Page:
Another Hard Drive Dead

Around 2 PM today, I got a blue screen on “vector”, my web/media/SSH/everything-else server. That was unusual. I haven’t seen a blue screen in months, probably not since I last had problems with my main workstation in January.

I rebooted and noticed Apache wasn’t running. I tried to manually start the service, but it “terminated abruptly”. I read the errors logs. I ran Apache from the command line. Nothing. I looked online for help on running Apache on Windows and found an explanation that kept referring to an executable named apache, which I didn’t have (mine was named httpd). In general, the document made Apache 2.2.4 seem a lot smoother than Apache 2.2.2, which I had been running, so I decided to uninstall Apache 2.2.2 and then install 2.2.4. Then I’d merge the httpd.conf files. That should fix Apache not running, right?

Well, the install went smoothly and Apache happily displayed it’s “It works!” webpage. Then I merged my changes into the httpd.conf files, and suddenly Apache wasn’t starting anymore. I undid my httpd.conf changes, and it was starting again. I looked through the changes, and they all looked innocuous: A few default permissions, the list of files that should be treated as text, and the document root.

The document root! My D:\ (VECTOR_MISC) drive had disappeared! I rebooted several times, tried an auto-detect in the BIOS, and it still hasn’t come back. I haven’t actually opened the case yet to examine the hard drive (maybe I should have done that first), I wanted to restore a working computer first, which meant changing drive letters and the document root.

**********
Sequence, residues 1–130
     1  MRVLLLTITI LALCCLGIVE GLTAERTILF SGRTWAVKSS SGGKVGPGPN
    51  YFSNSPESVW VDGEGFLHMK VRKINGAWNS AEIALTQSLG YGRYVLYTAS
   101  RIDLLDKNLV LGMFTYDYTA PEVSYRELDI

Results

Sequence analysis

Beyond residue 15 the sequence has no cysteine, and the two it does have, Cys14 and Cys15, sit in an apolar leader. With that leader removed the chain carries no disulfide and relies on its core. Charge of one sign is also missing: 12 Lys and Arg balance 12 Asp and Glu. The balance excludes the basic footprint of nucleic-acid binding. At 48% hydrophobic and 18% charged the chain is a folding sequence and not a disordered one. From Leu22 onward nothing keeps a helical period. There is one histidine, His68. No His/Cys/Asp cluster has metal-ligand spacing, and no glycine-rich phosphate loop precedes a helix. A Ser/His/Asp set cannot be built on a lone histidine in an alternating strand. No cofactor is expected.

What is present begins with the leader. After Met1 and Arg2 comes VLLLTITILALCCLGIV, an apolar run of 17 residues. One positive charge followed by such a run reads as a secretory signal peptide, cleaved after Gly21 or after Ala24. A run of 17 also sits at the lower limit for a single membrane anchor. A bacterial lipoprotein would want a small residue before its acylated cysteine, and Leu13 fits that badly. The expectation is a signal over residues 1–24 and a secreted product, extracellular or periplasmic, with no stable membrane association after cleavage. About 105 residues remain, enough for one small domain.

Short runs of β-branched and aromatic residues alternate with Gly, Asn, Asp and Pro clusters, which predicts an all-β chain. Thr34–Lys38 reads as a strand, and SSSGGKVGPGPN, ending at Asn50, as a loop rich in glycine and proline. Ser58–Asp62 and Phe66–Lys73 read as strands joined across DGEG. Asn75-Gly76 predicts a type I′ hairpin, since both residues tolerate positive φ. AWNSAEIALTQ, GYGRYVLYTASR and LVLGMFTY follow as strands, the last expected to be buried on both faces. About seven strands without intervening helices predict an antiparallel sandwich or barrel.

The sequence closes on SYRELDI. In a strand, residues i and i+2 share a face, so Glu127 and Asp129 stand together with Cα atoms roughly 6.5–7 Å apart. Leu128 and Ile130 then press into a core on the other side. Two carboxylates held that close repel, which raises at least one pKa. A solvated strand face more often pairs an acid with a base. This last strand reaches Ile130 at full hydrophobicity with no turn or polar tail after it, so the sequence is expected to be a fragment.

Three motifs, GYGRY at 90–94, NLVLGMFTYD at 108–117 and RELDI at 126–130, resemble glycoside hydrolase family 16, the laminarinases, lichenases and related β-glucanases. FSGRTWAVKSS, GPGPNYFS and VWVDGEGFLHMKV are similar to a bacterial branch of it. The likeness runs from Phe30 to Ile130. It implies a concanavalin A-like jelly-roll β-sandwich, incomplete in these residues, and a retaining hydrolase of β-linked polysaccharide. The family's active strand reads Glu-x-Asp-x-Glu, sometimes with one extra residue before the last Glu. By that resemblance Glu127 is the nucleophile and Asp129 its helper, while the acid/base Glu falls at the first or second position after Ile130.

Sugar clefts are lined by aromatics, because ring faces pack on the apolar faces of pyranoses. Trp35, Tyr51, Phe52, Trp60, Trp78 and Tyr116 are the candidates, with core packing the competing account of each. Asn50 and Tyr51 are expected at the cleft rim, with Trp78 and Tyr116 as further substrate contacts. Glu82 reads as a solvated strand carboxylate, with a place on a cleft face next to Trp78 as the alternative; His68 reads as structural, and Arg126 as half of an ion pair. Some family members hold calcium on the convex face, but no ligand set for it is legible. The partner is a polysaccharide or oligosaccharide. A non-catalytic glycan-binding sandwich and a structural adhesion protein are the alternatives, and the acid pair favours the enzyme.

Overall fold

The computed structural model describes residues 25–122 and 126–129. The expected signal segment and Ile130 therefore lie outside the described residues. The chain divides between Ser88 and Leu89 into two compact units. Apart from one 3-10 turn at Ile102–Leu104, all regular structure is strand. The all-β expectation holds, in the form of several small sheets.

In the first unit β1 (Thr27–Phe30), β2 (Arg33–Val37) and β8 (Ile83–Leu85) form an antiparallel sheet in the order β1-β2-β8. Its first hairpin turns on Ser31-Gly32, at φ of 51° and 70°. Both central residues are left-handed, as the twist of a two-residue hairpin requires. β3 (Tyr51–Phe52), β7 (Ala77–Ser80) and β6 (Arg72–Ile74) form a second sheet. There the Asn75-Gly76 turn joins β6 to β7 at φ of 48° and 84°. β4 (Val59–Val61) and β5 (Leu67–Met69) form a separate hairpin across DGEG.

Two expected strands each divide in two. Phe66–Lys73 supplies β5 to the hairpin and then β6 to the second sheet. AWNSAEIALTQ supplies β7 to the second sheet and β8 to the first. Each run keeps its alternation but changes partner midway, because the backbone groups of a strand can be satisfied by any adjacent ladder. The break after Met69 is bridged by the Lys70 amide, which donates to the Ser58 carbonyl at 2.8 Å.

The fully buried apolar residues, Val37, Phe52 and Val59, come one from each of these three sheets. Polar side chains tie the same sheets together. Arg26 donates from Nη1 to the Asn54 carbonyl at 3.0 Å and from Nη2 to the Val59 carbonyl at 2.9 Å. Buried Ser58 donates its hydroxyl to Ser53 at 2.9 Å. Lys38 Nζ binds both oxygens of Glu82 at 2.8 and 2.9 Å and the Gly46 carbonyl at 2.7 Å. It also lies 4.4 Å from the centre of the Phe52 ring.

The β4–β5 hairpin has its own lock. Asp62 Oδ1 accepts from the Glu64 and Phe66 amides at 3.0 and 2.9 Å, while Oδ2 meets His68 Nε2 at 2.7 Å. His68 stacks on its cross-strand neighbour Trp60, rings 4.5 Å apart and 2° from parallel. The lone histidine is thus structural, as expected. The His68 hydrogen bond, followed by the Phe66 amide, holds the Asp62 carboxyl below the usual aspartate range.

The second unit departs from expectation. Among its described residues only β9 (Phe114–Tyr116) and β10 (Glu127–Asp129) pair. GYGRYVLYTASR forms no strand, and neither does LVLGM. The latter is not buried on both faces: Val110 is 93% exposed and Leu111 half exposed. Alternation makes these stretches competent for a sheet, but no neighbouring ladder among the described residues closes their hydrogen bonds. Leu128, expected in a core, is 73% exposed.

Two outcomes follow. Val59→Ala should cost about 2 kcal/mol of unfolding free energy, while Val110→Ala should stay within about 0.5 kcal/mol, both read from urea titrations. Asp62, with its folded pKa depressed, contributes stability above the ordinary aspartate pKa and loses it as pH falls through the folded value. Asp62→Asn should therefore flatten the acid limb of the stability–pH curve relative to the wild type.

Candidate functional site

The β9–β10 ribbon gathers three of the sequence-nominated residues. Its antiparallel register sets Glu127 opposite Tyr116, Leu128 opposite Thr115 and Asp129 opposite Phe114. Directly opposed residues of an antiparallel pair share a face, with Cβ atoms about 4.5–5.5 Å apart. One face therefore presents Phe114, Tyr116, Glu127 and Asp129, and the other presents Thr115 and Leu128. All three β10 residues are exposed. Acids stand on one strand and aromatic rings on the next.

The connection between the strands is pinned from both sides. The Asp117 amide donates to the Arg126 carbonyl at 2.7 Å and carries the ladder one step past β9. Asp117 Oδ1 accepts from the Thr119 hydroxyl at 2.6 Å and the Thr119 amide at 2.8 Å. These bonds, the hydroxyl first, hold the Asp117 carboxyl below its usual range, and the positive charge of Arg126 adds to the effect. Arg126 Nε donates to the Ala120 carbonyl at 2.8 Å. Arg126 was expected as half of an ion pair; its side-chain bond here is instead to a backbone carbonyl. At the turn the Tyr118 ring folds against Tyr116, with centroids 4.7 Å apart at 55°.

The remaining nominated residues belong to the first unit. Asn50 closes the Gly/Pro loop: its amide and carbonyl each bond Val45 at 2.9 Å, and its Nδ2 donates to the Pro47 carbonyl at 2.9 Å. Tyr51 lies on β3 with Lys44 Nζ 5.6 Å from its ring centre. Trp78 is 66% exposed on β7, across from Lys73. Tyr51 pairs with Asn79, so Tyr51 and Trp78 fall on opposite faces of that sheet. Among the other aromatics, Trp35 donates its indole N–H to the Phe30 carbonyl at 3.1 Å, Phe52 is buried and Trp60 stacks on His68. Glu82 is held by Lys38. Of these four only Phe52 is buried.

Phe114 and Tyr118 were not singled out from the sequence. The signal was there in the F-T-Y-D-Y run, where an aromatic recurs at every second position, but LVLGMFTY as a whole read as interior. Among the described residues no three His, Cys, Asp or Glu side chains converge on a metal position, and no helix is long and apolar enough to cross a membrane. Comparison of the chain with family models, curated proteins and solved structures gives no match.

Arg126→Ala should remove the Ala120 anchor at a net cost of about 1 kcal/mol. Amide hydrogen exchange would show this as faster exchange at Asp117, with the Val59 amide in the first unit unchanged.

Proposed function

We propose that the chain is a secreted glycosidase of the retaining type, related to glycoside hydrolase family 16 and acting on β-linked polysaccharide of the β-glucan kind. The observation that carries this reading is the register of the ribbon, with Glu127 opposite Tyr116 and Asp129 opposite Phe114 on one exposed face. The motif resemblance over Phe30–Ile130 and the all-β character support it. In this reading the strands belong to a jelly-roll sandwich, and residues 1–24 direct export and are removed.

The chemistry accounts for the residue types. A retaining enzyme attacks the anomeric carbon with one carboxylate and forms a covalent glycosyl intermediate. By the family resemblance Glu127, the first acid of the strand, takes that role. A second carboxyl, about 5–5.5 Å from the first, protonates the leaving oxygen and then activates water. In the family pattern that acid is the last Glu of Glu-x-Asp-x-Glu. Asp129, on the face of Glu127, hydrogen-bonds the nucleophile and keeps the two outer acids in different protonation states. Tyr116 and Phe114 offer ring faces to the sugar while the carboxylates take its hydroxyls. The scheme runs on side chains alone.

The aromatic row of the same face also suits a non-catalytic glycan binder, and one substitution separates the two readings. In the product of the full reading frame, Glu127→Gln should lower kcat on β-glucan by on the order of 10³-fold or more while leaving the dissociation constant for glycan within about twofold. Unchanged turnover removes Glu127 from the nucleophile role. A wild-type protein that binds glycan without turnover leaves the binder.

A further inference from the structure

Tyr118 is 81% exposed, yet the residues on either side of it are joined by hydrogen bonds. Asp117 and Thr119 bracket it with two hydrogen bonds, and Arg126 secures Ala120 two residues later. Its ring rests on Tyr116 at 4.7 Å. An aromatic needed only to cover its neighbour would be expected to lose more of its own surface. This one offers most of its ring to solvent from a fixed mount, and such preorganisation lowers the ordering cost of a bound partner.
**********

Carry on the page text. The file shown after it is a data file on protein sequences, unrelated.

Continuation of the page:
The drive that has apparently died contained my web server’s document and nothing else. I also have a DVD backup from January 24. The local copy on the MacBook might even be a bit more recent. Probably not that much has changed since then, but the largest portion of the documents are web sites and bits of knowledge that I find online and then mirror so I have local access, and I don’t know what I have added to that collection.

I don’t think my backup habits are terrible: I keep my most important files in a small Perforce server with just one user, and the files are then checked out to the machine I’m working on, so a catastrophic data loss is unlikely here. I also I make a backup of my working data on “scalar” to a separate hard drive on the same machine twice a week. Once weekly I back up my working data from the MacBook to “scalar”. Every once in a while, I make backups of all the other things, and then copy them to USB hard drives or DVDs. I keep the DVDs and the USB hard drives in a water- and fire-proof safe and duplicates of the DVDs in my bank’s safe deposit box.

I really need to automate backing up the Perforce repository, though, and I also need to automate backing up the web server’s data. And now that I’m switching to Gigabit Ethernet, perhaps I should be thinking about about a network-attached RAID storage device.

I’m still in the process of restoring the web documents. Once that’s done I can examine the hardware damage. This is still a very shitty situation. I hate administrative tasks like this.


When I opened up the case and tugged a bit on the cables, the hard drive came back to life. So it seems like I’ll at least have no data loss, but I don’t know how much I can trust that hard drive anymore. It’s an 80 GB Maxtor, by the way. I have a 160 GB Seagate and a 120 GB Maxtor hard drive left in “vector” which is quite enough.

If I were to buy a replacement hard drive. I could either get a few hundred gigs PATA for about $100, or I could get a 2×250 GB RAID 1 Gigabit Ethernet device for about $300 or a 4×250 GB RAID 5 Gigabit Ethernet and Wireless LAN 802.11b/g device for about $640… but I’d rather not spend that much.


About Mathias

Software development engineer. Principal developer of DrJava. Recent Ph.D. graduate from the Department of Computer Science at Rice University.
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